- "Sandoval is equally adept from either side of the plate, and he can pull the ball to hit for power or take pitches the other way. He shows a willingness to take what pitchers give him, and though he swings hard he shows good plate discipline."
- "Though he has arm strength and threw out 46 percent of basestealers with San Jose, his hands and lack of agility work against him at catcher. San Francisco also played him at both infield corners, but his squat body and limited athleticism don't profile well there either."
- "The Giants have liked Sandoval's swing for years.... With a strong, compact frame and a powerful, short stroke from both sides of the plate, he produced at all three stops."
- "He can really, really hit," an AL scout said. "I saw him again at the Futures Game, and he fit right in with the better hitters there."
- "He has a strong arm, but the scouts contacted for this list who had seen Sandoval catch didn't believe he could play there regularly in the major leagues. Two managers said Sandoval had problems just physically squatting behind the plate, while two AL scouts both used the same cliché: "He can't catch a cold.""
- "Interestingly, Sandoval is an ambidextrous thrower with nearly as much arm strength throwing lefthanded as he has righthanded. He would profile better defensively at first base if he moved there and focused on throwing with his left hand. He has seen time at both corner infield positions."
This should temper fans expectations on Sandoval, though I should note that BA has to keep a hard line on him, they didn't list him on their Giants prospects list for two years running, even after his good season in 2007, so they had their reasons for not putting him on their Top 30 list (luckily I didn't listen to them and drafted him in my Fantasy League) and are probably still holding to them.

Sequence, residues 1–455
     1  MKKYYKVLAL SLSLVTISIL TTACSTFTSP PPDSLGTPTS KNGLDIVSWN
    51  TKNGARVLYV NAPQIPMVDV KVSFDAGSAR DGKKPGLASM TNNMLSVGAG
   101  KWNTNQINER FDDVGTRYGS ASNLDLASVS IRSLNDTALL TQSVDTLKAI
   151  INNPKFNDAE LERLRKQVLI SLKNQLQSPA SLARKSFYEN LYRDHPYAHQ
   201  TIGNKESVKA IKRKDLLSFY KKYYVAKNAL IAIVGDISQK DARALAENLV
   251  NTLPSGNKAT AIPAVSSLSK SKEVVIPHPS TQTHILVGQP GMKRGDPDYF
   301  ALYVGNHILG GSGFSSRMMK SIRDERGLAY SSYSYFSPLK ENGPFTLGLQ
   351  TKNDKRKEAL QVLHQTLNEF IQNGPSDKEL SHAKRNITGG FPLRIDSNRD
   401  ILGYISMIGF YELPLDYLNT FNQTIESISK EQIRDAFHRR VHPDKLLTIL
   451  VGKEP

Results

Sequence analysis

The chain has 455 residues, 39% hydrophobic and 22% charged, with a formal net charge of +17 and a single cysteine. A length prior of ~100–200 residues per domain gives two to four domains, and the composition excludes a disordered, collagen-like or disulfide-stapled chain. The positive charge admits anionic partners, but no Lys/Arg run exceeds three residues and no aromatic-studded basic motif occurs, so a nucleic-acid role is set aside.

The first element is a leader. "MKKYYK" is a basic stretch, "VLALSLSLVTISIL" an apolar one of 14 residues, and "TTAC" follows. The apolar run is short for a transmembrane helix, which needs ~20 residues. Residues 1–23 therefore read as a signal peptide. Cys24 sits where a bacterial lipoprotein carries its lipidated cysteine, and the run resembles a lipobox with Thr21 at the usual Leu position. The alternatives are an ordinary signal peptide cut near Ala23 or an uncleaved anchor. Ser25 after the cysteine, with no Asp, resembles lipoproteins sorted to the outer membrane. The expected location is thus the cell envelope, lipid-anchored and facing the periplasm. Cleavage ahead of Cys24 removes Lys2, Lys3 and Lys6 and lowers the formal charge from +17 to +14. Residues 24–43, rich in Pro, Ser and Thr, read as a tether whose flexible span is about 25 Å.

One thing I found odd is the mention that has "limited athleticism" and "lack of agility". Most of the stuff I've heard this year was that he is more athletic than his body would lead people to assume. And anyone who has seen his two scores in the past week, dodging around the catcher to score critical runs, would have to say that his body belies his athleticism, it almost makes me think that whoever saw him saw him in limited play, because I would describe his scoring as almost balletic.
Particularly the one I posted on where he slide perfectly, PERFECTLY, to the foul side of the plate, dodging the catcher and then deftly reaching his hand out to touch home plate. Then again, the one where he scored and injured his quad (which would be understandable if you saw it), he lept in the air to avoid the catcher's tag then scrambled to touch homeplate and score and that was pretty good in itself. I don't say this to be mean, but it reminded me of Disney's Fantasia where there were dancing hippos who were extremely graceful. He was just that good.
There are not a lot of plays in baseball where I would call them a thing of baseball beauty but I would count both of Sandoval's slides among the top in my memory of Giants players, up there with Willie Mays' World Series catch and throw against the Indians, Shinjo's amazing throw (from a blown catch by the RF), much like Mays, he just grabs the ball and hurls it blindly with his back to home plate, to home plate (I still wish I kept the Tivo newscast for that play), any of Vizquel's numerous beauties, Snow's great plays at 1B, plus his score and snatch of Darren Baker. Call me an oddball, but I almost felt a tear coming to my eye watching Sandoval score, he couldn't have made a more perfect slide to score, the margin was that slim, and I was in awe.
Thus, I wonder how apt their suggestion that he stick to 1B is, as perhaps he is athletic enough to still handle 3B. Plus, if he's as good a hitter as he is, we could play him at 3B (though the times he did play there, his range was woefully poor in the majors, 1.42 Range Factor vs. 2.23 Range Factor for the league) in 2009 while the Giants try out Bowker and/or Ishikawa at 1B, then if they don't pan out, he could move to 1B (range factor poor there as well, but much closer to league average) for 2010, or even could be a roving utility player, getting regular starts at C, 1B, and 3B, much like we had envisioned for Velez.
If he's as good a hitter as he has shown, then even if we don't have a regular position for him, as long as we can play him regularly, there will be an AL team willing to trade good talent for Sandoval to be their DH at some point in the future. But I'm more hoping he can settle into one position and play a while for us.